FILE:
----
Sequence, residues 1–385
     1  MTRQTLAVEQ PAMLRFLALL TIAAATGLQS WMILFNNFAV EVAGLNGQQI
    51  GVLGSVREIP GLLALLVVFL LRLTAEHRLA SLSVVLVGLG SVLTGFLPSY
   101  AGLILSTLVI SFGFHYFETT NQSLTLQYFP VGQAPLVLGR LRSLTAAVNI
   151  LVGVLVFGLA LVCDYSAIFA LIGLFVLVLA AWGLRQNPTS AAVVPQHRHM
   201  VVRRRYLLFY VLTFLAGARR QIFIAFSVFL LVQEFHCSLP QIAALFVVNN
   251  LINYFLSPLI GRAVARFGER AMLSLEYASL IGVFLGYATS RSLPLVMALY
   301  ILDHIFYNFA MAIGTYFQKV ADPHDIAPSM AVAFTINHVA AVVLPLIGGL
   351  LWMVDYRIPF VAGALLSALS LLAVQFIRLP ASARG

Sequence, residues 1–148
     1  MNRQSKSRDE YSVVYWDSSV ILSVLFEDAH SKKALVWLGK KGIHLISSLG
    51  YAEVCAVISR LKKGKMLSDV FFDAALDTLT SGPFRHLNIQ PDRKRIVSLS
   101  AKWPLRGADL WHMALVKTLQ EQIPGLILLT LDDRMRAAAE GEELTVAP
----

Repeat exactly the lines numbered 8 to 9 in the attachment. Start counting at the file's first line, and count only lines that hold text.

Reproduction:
   301  ILDHIFYNFA MAIGTYFQKV ADPHDIAPSM AVAFTINHVA AVVLPLIGGL
   351  LWMVDYRIPF VAGALLSALS LLAVQFIRLP ASARG